When it comes to search engines one name continues to dominate the globe: Google.
So complete is Google’s dominance that – globally – more than 90% of all searches are completed on a Google-powered search engine. Whether desktop, mobile, or tablet, Google’s hold on search around the world is near complete.
Yet there are pockets of resistance to the Google hegemon, and in some countries Google is not only challenged but beaten down into second, third, or even fourth place. Even where the Mountain View giant is positioned as a market leader, significant local and niche search challengers have emerged that threaten the predominance of Google.
And this means that the job of an SEO in these markets is not quite as easy as it might be in a Google dominated country.
Germany vs. China
Germany and China are both large global markets positioned in the top four economies in nominal GDP terms. Both also have increasingly large online commerce sectors and exponentially expanding online marketing sectors.
Yet for a marketer tasked with optimizing a site for search engines in both Germany and China would face two very different tasks. Leaving aside the differences in language and culture that are important and will need to be overcome, there is a marked difference in the search engines that the marketer must consider when optimizing their site.
In Germany, it is all about Google. For desktop and mobile search in April 2015 Google controlled more than 92% of the German market. Its next closest competitor – Microsoft’s Bing – controlled less than 3% of the search market. In other words, when it comes to search in Germany there is almost only Google.
In China, however, things are very different. For desktop and mobile search in April 2015 Google controlled just 2.4% of the market. The market leader, Baidu, was responsible for 70% of all searches, and two other Chinese search engines (Haosou and Sogou) controlled another 25% of the market between them. In China, then, optimizing for Google means optimizing for only 1 in 50 searches.
A Challenge for International SEOs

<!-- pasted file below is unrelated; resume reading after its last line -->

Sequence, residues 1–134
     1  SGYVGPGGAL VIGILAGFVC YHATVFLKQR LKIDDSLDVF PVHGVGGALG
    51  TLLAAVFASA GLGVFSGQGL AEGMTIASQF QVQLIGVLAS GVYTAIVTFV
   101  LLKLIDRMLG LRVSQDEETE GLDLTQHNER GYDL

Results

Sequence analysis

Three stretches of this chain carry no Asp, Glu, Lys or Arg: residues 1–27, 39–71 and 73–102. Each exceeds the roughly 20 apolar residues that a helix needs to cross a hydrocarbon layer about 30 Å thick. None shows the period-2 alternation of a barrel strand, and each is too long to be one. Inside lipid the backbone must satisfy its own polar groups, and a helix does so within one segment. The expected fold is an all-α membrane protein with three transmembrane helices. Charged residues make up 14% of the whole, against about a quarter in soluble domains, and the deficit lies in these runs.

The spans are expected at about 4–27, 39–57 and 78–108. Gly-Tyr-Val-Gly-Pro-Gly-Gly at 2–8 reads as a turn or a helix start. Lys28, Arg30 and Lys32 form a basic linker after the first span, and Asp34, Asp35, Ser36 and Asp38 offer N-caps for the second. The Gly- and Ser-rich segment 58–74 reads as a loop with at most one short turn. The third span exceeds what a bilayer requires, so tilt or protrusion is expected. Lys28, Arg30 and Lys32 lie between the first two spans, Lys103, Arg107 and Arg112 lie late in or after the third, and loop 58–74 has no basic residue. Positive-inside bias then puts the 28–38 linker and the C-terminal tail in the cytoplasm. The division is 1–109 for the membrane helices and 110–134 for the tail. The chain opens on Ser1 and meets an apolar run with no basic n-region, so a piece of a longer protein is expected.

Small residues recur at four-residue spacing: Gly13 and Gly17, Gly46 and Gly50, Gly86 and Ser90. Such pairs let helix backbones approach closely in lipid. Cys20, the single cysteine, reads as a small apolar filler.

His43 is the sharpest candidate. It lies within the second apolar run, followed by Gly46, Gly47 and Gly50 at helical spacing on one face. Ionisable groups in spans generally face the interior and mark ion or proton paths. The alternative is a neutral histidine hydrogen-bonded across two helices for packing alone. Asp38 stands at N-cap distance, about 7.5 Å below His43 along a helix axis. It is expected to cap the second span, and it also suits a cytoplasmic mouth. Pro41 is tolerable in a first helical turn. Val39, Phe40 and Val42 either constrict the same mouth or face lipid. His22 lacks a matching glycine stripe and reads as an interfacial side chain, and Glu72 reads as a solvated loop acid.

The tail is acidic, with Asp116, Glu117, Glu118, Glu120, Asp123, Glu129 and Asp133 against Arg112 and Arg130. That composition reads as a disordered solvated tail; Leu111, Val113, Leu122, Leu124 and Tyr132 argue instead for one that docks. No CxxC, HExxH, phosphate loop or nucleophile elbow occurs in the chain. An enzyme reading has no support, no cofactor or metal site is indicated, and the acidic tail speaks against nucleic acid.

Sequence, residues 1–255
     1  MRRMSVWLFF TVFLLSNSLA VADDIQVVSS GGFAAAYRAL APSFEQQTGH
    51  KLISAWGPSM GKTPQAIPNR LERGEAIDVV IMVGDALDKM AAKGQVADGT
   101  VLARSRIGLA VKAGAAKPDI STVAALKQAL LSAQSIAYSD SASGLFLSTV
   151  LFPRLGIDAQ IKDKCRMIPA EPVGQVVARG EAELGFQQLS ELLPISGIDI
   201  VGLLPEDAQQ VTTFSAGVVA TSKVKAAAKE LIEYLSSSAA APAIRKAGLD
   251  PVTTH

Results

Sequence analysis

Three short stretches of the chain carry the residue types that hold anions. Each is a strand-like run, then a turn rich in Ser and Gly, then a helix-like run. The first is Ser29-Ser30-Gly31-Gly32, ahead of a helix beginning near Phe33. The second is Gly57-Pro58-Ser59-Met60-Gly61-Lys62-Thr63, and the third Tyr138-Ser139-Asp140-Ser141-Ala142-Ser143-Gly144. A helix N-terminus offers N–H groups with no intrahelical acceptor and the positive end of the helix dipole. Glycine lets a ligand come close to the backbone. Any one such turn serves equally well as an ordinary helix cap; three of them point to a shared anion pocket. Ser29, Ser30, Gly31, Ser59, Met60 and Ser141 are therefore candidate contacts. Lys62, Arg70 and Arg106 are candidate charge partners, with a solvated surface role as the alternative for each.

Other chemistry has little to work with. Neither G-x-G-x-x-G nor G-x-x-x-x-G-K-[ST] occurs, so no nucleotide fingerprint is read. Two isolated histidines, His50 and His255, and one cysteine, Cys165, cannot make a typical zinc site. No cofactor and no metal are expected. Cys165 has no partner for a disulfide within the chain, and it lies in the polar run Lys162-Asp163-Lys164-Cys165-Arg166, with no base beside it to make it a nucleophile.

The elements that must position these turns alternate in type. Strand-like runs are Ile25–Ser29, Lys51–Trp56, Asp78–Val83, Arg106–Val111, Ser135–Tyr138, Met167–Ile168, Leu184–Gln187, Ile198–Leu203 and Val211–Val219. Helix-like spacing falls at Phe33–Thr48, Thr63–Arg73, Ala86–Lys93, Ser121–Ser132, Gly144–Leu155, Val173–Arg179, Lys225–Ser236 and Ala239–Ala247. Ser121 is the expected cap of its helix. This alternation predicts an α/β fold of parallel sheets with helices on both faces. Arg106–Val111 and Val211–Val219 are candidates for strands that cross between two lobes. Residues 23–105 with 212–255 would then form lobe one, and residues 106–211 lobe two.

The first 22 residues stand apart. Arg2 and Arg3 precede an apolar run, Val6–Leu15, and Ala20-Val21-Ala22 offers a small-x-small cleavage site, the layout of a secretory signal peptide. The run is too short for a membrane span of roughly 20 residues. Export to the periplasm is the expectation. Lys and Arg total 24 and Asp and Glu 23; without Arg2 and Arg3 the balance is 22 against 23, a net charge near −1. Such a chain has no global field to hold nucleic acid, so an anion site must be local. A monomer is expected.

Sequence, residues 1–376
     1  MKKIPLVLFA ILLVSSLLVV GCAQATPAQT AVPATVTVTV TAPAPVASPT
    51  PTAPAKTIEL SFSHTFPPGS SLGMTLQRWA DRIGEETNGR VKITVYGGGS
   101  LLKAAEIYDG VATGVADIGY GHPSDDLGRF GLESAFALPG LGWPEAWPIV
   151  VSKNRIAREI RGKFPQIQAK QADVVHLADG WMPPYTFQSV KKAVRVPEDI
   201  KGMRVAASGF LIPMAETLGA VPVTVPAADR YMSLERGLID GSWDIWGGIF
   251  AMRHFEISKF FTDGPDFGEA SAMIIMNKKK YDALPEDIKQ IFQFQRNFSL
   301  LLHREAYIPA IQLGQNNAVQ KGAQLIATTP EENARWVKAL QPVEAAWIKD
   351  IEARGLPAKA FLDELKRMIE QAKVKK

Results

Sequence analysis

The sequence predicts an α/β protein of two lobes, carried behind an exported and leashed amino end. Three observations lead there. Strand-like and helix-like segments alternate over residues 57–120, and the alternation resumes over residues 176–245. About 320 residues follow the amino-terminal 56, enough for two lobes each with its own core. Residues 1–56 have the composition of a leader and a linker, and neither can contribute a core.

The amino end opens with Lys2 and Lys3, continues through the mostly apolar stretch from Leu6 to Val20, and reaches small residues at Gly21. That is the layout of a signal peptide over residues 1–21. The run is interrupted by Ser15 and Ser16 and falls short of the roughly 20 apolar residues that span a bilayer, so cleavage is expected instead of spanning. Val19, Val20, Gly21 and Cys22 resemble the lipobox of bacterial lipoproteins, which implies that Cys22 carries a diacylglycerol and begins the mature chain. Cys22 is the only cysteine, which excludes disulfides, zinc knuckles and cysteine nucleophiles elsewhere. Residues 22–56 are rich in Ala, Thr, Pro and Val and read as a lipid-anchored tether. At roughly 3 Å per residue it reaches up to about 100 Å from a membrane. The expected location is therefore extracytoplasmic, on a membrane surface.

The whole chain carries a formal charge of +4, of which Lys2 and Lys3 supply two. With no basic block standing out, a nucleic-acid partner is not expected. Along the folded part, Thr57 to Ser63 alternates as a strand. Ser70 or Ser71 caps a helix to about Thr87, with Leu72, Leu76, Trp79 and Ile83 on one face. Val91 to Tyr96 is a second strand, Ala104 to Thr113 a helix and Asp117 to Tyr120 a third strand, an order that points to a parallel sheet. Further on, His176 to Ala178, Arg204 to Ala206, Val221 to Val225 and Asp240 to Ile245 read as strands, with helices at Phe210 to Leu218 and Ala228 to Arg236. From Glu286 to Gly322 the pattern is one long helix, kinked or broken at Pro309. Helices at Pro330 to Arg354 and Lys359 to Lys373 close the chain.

Marketers and SEOs are faced with a particular challenge when optimizing sites in markets where Google is either minor challenger or one of a number of significant players.
For SEOs trained and used to working in Google-dominated environments there are some significant barriers to overcome. For example, what counts as significant for SEO for Google may not apply for Yandex in Russia, Baidu in China, or Naver in South Korea.
As well, remembering that optimizing for people is as important as optimizing for search engines, the layout and format of the site may need to look significantly different in cultures that value busy portals over minimalist design.
The first step, though, is understanding the search market that a website is operating in, which companies are the most significant actors in that market, and developing a strategy for success when the normal rules of the game – that is, optimizing for Google – don’t apply.
SEO Beyond Google
Today DOZ launches its second white paper, Beyond Google: Negotiating the Global Search Engine Landscape. Packed in this 30 page paper are:
- Details of the top ten search engines worldwide, including American, Chinese, Russian, and Korean companies;
- An assessment of the global search landscape, as well as regional assessments for Europe, Africa, Asia, Oceania, North America and South America;
- Identification and assessments of five markets where Google is either a minor player or a non-dominant player;
- Identification of three fundamental and necessary elements of any SEO strategy for firms and brands seeking to develop in those five markets.
[freebiesub title=”DOZ’s White Paper #2″ download=”http://bit.ly/1JHhdWu”]
With the most recent data available drawn from Statcounter, one of the world’s most trusted internet use analytics firms, this analysis is timely, complete, and important for every SEO tasked with working in the increasingly international B2B and B2C marketing environments.
We hope that our white paper piques your interest. If it does, let us know in comments below or join the conversation on Twitter.